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Have you ever stopped to think about how much your pharmacy earns when it dispenses your medication? It turns out that pharmacies, particularly independent pharmacies, sometimes wind up losing money on those prescriptions.
That’s largely due to the low insurance reimbursement rates middlemen, known as pharmacy benefit managers, or PBMs, pay pharmacies and the fees they charge to pharmacies after drugs are dispensed, according to John Norton. Norton is director of public relations for the Alexandria, Va.-based National Community Pharmacists Association, a trade association for independent pharmacies. PBMs include companies like Express Scripts Holding Co., CVS Health Corp.'s Caremark, and UnitedHealth Group Inc.’s OptumRx, and independent pharmacies say their practices may threaten the future survival of nonchain pharmacies.The PBM reimbursement and fee issues mean independent pharmacies have to find ways to diversify their revenue streams, Norton said. “These take-it-or-leave-it contracts with PBMs leave us powerless to negotiate better terms,” he told Bloomberg Law Feb. 26.
Independent pharmacies, more than 80 percent of which are located in population centers of 50,000 or less, have been on the decline and represent about 36 percent of the total U.S. retail pharmacy marketplace. According to the 2017 NCPA Digest, below-cost reimbursements and fees contribute to independent pharmacies’ gross margins falling by five percent over the past five years.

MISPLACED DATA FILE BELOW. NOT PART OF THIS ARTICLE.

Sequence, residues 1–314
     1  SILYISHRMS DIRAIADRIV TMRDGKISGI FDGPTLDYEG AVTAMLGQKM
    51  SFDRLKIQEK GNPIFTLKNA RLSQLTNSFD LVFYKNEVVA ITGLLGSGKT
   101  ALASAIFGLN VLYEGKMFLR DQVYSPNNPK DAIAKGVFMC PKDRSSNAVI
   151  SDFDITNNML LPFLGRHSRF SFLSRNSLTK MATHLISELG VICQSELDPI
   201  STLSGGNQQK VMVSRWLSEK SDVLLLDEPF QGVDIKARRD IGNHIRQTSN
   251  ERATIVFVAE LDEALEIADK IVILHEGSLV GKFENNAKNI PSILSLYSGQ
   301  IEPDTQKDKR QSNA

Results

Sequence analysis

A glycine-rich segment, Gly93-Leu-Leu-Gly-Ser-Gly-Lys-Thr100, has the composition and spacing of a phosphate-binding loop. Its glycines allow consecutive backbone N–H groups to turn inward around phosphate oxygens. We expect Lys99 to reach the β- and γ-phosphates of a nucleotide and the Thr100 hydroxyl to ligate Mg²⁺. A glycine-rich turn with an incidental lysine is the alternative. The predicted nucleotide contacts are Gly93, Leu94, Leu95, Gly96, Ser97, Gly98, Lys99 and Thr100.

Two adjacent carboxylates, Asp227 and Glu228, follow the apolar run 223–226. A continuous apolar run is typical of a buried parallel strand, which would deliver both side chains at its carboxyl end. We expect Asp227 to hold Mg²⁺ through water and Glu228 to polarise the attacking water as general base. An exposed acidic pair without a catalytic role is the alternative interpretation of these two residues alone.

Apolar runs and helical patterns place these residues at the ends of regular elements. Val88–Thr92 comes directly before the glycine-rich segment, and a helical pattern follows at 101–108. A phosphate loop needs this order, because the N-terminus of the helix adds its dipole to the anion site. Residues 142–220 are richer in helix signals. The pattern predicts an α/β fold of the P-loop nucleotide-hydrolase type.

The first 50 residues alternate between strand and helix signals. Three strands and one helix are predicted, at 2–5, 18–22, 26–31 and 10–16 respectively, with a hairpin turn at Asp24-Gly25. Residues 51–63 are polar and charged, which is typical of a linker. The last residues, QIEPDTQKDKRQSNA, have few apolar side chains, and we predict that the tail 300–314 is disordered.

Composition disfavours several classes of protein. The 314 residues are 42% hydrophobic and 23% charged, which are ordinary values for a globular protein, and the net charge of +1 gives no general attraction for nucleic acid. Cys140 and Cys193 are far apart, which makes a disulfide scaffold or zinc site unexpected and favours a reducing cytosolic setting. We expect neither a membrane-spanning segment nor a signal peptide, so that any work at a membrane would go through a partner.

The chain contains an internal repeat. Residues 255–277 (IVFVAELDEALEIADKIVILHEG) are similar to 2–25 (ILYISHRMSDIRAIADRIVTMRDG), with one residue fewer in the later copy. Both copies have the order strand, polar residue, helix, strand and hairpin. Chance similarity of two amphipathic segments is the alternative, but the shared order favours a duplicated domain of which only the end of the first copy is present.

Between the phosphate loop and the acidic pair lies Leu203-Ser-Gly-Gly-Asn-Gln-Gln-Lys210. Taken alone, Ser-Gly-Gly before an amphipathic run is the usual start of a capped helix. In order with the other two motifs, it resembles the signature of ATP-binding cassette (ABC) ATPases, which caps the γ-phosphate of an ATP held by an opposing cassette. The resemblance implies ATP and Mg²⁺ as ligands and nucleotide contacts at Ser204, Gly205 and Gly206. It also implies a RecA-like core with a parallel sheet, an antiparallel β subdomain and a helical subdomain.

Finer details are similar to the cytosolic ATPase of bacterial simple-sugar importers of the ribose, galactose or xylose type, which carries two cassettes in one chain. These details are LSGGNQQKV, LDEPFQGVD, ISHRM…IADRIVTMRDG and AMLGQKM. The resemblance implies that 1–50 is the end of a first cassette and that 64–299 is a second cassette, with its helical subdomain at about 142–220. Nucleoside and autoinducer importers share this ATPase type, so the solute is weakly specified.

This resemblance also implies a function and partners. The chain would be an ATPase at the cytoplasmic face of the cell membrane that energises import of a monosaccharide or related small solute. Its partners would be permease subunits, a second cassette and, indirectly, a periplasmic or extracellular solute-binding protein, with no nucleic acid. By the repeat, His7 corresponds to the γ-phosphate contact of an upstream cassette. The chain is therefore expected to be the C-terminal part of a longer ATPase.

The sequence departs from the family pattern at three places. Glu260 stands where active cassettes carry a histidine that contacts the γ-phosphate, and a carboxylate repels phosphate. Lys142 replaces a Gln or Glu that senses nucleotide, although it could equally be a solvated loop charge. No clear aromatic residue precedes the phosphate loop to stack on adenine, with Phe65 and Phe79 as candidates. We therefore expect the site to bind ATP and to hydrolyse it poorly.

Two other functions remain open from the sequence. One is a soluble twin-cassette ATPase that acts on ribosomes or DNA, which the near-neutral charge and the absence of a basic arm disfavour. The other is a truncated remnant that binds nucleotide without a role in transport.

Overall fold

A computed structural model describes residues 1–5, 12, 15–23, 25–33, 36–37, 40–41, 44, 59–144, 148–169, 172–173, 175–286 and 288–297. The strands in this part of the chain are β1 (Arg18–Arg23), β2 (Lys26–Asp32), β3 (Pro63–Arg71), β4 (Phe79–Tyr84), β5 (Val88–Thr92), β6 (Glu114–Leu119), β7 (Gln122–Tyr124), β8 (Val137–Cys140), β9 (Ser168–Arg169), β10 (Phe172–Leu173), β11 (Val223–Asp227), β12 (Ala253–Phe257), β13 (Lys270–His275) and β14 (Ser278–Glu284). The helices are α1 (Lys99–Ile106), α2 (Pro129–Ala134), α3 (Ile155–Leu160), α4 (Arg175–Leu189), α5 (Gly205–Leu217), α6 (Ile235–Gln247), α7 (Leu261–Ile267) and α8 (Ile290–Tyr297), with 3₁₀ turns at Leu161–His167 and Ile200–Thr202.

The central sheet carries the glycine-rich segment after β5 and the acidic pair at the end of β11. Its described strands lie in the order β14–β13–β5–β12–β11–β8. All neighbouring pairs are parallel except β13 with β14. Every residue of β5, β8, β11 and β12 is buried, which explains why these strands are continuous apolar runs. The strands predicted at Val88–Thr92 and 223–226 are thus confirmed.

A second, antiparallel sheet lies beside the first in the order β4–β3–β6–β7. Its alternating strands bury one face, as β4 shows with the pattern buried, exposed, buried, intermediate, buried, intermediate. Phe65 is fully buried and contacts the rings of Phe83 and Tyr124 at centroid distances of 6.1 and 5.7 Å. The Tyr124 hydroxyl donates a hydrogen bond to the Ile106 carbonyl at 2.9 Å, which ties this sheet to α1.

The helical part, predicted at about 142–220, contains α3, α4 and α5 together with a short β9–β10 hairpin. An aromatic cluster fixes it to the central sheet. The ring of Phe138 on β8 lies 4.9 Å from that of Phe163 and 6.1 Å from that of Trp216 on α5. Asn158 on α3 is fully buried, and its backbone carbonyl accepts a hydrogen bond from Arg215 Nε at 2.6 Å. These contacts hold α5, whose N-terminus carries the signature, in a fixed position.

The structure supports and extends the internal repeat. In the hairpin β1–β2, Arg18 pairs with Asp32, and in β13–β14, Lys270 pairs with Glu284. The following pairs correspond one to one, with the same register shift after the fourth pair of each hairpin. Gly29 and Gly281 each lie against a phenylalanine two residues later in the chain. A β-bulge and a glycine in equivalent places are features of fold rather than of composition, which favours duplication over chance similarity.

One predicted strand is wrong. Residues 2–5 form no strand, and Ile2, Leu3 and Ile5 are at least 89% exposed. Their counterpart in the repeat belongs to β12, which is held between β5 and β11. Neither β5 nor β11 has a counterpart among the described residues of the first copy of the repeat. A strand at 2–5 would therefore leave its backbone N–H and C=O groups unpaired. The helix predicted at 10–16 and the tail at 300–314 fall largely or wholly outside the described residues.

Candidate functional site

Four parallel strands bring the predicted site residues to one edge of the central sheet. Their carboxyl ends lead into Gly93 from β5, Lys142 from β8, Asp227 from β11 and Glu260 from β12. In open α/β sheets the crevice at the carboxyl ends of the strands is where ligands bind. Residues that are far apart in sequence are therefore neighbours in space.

The Pharmaceutical Care Management Association (PCMA), a Washington, D.C.-based trade association that represents PBMs, didn’t directly address the financial impact of PBM reimbursement rates and fee practices on pharmacies in an email to Bloomberg Law. The group said the post-sale fees they charge pharmacies on drugs covered under Medicare, known as direct and indirect remuneration (DIR) fees, save the health care system considerable money.
“Direct and Indirect Remuneration (DIR) is a form of performance-based payment used by pharmacy benefit managers (PBMs) to promote value and quality and helps keep premiums down for Medicare beneficiaries,” the group said in the Feb. 26 email. “The price concessions that PBMs negotiate with drug manufacturers and drugstores and report to the Centers for Medicare & Medicaid Services as DIR are generating significant savings for the federal government and are projected to save enrollees in standalone [Medicare] Part D [drug benefit] plans $48.7 billion on their premiums over the next 10 years.”
But the DIR fees pose a huge challenge for pharmacies, Norton said.
Although both chain and independent pharmacies face these issues, independent pharmacies feel a much greater impact because more than 90 percent of their revenue comes from prescription sales, Norton said, while chain drug stores are less reliant on such sales.
“The reality is that losing money or breaking even on prescriptions is a fact of life for community pharmacies,” Norton said. “It makes running our businesses very challenging.”